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Threat of Cyberattacks to Food Safety on the Rise

By Food Safety Tech Staff
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A new report released by the University of Minnesota’s Food Protection and Defense Institute warns that the food industry is vulnerable to cyberattacks, suggesting that food companies need to beef up their security and IT systems. According to the report, “Adulterating More Than Food: The Cyber Risk to Food Processing and Manufacturing”, the systems that food companies use for processing and manufacturing could be the most vulnerable and as such, serve as an attractive target for an attack—especially as industries that are currently common targets improve their cybersecurity.

“The food industry has not been a target of costly cyberattacks like financial, energy, and health care companies have,” said Stephen Streng, lead author of the FPDI report, in a news release. “However, as companies in those sectors learn to harden their defenses, the attackers will begin looking for easier victims. This report can help food companies learn about what could be coming their way and how to begin protecting themselves.”

The report calls out that in 2011, researchers and manufacturers found more than 200 vulnerabilities in industrial control systems. In addition to the fact that these vulnerabilities are in many components from different vendors, many of these systems have obsolete operating systems and passwords that are easy to hack. Compounding this issue, “Companies often lack knowledge about how their industrial control systems and IT systems interact and lack awareness about cyber risks and threats,” the FPDI release notes.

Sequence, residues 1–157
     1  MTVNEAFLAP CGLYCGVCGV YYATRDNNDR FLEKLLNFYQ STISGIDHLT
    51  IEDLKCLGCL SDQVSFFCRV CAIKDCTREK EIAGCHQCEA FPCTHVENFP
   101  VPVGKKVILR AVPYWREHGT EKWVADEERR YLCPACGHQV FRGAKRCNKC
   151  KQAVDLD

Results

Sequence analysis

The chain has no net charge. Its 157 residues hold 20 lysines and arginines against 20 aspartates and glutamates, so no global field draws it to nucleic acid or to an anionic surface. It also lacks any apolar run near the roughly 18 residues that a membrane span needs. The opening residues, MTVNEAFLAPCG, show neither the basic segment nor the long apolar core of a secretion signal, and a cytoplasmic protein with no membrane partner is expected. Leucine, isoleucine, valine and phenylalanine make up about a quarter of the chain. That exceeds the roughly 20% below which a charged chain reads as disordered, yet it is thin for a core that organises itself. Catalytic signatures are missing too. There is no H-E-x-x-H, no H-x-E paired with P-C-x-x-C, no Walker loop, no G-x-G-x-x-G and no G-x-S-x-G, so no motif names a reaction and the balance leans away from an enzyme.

And if you’re a small company, don’t think you’re immune, the report cautions. It cites that 74% of U.S. food manufacturers have fewer than 20 employees—yet software company Symantec Corp. points out that small companies have been targeted as often, or sometimes even more, than large companies.

How can food companies address this risk? The report recommends the following “critical” steps all companies should take:

  • Bridge the gap and facilitate more communication between OT (operational technology) and IT (information technology) personnel
  • Conduct risk assessments of inventory control systems and IT systems
  • Ensure that staff with the cybersecurity knowledge is involved in procuring and deploying inventory control system devices
  • Incorporate cybersecurity into your food safety and food defense culture.

FPDI’s full report is available on the organization’s website.